Italy touts land of 'surprises'
Premier Li Keqiang is greeted by a senior Italian official at an airport in Rome on Tuesday. Li will attend a summit of European and Asian leaders and other business events in Milan before concluding his weeklong European visit. Li Xueren / Xinhua
Italian Ambassador to China Alberto Bradanini said he hopes Premier Li Keqiang's visit this week will not only produce more exports to China but encourage Chinese tourists to take longer vacations in the "country of surprises".
The premier landed in Italy on Tuesday following a three-day visit to Russia.
Li will visit the headquarters of the Food and Agriculture Organization of the United Nations in Rome on Wednesday and attend the 10th Asia-Europe Meeting in Milan from Thursday to Friday.
More than a million Chinese travelers visit Italy every year, said Bradanini, who hopes Chinese tourists book lengthier visits to the country.
In addition to promoting tourism, Italy will pitch its exports to China, he said.
"We have noticed that the Chinese government has set some priorities in its economic development plan. These priorities are urbanization, environment, health services, agriculture and also aerospace and aviation. Italy possesses very high capacity in these areas, so we believe that we can contribute to the achievement of the economic goals of the Chinese government," Bradanini said.
On June 11, Ningbo, Zhejiang province, signed an agreement with Invitalia, the Italian agency that promotes inward investment to the country, to establish an industrial park in the eastern Chinese city.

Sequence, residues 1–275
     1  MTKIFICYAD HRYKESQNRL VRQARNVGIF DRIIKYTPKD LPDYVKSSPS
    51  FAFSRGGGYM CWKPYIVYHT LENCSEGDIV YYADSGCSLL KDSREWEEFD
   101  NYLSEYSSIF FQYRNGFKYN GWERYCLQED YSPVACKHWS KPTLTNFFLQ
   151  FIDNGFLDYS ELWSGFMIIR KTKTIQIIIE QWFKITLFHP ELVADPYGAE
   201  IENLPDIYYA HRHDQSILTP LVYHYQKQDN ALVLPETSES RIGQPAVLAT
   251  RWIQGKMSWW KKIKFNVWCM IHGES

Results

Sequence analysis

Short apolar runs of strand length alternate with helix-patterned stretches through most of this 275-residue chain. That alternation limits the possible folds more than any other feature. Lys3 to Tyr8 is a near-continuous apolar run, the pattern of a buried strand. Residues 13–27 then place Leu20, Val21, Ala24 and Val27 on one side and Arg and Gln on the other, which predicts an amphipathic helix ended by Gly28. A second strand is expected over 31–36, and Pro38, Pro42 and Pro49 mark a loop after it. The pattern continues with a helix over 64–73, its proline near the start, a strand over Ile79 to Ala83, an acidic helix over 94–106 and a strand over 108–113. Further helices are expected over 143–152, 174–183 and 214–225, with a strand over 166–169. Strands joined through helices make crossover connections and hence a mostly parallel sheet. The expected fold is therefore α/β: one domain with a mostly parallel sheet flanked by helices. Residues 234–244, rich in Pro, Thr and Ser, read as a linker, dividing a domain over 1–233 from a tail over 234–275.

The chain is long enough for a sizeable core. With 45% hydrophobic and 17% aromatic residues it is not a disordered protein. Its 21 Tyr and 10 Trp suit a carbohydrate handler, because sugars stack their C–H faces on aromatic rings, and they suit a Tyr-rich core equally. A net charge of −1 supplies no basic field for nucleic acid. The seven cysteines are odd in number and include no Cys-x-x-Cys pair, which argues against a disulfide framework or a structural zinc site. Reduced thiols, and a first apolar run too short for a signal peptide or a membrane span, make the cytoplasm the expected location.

As part of the plan, the park aims to select companies from Italy and other European countries to develop manufacturing in the medical equipment and high-precision tools sectors, according to the Yuyao Economic Development Zone in Ningbo.
There is also an industrial park in neighboring Jiangsu province to attract investment from Italy and other countries.
Such industrial parks help Italian companies not only to exchange knowledge and skills with Chinese counterparts, but more importantly, to target the Chinese market, Bradanini said.
"The phase when foreign companies come to China to invest, to produce in China and to export to Europe or the United States is over. ... The companies should come here to work with local partners, to explore the local market as well as international markets," he said.
As of June, Italy had invested more than $6 billion in China, which in turn has invested more than $1 billion in Italy and created more than 2,000 jobs in the country.
Bradanini said Italy wants to attract more Chinese investment in Italian production and infrastructure. Currently, he said, Chinese capital has targeted mainly the Italian stock market and treasury bonds.
To attract investment, the Italian government has invited financial institutions from China to visit and "update their knowledge of the Italian financial and economic environment".
"We want to make the business environment in Italy very competitive," he said.